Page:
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Meet the mothers behind the successful business of Micro Scooters

by Luciana Guess (2020-08-22)

Scooter Queens Anna Gibson (left) and Philippa Gogarty (right) are the founders of Micro Scooters Ltd

With six young children in tow between them, the last thing Anna Gibson and Philippa Gogarty really had time for was learning how to run their own multi-million pound business.

But that is precisely what the two enterprising mothers have ended up mastering - not to mention revolutionising the nation's school run and somehow still managing to put their own kids first.

More than one million children aged up to 12 have, or have had in the last ten years, one of the Micro Scooters which the pair have made popular in Britain and which increasing numbers are using to scoot to lessons on.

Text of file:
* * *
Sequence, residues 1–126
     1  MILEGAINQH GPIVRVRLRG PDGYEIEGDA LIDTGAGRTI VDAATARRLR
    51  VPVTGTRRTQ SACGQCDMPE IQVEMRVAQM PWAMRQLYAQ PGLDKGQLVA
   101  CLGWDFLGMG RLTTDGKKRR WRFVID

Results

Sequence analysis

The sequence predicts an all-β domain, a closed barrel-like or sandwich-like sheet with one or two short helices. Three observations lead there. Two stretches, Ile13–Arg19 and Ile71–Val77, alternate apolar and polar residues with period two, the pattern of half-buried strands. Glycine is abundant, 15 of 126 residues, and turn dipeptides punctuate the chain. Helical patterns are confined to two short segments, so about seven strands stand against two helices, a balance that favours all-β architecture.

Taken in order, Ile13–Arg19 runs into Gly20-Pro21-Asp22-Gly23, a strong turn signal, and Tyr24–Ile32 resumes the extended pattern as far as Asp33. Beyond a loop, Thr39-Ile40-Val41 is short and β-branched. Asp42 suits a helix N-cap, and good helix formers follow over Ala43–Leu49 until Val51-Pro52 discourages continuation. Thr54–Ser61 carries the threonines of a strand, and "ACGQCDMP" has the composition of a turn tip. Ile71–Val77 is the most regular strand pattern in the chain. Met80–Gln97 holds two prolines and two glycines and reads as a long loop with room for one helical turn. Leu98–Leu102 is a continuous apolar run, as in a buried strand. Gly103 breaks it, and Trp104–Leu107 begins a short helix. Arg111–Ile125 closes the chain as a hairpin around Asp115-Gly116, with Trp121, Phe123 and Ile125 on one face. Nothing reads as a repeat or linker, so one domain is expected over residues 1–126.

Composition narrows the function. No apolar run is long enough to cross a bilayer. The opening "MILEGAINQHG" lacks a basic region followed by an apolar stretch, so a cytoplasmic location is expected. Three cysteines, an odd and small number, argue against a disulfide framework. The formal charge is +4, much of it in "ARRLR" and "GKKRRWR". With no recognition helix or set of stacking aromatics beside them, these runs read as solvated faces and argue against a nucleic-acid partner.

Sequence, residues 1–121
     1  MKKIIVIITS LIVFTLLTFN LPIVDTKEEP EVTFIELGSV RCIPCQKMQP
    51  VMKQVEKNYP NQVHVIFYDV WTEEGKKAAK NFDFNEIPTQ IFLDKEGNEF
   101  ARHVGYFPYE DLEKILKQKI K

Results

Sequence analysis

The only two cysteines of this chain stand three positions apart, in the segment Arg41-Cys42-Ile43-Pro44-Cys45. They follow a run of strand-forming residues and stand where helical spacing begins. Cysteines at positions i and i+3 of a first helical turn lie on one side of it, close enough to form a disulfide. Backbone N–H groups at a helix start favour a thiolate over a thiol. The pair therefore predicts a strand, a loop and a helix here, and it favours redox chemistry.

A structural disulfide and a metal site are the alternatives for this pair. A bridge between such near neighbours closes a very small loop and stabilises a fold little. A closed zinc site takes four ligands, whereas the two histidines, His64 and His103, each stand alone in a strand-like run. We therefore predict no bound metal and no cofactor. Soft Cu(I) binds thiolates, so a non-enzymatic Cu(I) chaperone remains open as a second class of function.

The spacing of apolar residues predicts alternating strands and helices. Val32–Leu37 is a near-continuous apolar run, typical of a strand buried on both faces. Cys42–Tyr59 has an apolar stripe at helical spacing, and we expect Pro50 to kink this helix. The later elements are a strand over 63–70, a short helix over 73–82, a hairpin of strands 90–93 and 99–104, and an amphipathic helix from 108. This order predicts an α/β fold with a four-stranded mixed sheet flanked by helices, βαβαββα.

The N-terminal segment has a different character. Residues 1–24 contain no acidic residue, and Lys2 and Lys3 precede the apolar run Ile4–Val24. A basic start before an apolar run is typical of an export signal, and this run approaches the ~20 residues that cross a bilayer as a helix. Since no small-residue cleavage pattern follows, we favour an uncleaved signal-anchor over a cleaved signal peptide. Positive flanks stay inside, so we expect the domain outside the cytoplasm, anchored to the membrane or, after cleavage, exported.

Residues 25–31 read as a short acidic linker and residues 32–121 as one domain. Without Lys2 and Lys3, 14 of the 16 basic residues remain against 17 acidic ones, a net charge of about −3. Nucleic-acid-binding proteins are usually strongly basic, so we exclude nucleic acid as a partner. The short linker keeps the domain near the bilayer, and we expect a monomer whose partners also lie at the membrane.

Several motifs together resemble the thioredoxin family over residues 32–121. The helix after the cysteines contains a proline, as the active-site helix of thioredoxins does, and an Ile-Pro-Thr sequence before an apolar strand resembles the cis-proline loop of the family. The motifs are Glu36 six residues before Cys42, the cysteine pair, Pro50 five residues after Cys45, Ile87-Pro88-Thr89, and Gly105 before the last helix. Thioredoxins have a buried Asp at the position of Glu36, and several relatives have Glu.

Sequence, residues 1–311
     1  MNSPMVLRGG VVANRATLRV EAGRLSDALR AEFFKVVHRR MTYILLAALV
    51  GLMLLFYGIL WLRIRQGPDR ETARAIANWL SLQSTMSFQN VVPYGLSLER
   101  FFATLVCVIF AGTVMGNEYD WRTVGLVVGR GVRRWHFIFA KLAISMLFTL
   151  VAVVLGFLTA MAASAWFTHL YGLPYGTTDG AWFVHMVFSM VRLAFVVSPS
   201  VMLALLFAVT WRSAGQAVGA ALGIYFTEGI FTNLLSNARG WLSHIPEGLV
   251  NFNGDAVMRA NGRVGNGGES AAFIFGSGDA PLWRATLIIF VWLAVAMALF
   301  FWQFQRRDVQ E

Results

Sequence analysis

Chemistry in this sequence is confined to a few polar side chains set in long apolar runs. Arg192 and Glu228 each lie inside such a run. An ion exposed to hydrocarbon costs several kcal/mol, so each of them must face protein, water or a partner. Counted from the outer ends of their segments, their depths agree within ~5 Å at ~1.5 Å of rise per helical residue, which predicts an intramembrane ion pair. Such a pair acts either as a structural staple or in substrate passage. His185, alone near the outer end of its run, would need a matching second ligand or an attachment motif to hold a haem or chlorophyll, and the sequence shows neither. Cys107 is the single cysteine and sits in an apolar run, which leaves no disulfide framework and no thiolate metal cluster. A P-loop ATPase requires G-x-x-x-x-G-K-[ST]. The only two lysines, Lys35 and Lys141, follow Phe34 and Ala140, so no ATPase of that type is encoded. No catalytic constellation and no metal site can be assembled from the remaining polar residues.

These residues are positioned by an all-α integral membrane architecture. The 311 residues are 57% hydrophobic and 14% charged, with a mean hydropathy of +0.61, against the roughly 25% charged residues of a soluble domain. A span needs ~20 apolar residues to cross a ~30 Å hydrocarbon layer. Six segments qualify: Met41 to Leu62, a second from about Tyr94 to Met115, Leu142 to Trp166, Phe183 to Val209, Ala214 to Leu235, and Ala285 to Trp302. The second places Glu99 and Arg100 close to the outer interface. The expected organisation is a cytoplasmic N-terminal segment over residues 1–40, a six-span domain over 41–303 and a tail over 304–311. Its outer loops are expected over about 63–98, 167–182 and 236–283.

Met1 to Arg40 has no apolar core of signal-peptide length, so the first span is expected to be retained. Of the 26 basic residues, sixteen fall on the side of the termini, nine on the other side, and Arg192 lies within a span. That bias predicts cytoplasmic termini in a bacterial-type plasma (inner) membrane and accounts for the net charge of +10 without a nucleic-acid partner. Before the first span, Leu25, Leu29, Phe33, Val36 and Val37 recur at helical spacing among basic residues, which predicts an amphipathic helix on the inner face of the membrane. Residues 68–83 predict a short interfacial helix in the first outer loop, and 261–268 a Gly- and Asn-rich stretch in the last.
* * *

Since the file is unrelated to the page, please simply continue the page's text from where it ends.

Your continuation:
Amazingly, the route to the success of their import and distribution company, which now has an annual turnover of £15million, all started when Anna's then 18-month-old son Edward took a shine to a little plastic scooter he spotted while they were out for a walk on Clapham Common.

He so enjoyed having a turn riding the three-wheeled toy with a plastic deck and joystick for steering, which belonged to another child out playing that day, that Anna tracked one of the - at the time - rarely seen scooters down for him in a shop.

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The two mothers with their children (l-r) Dom, Tom, Georgia, Edward, Jack and Will.

8897-kgf-220-00-jpg.jpgAnna came up with the idea when her son Edward liked a plastic scooter he spotted while they were out for a walk on Clapham Common

Soon, Edward's scooter was drawing admiring glances from other mums and kids, who were all keen to know where to get one.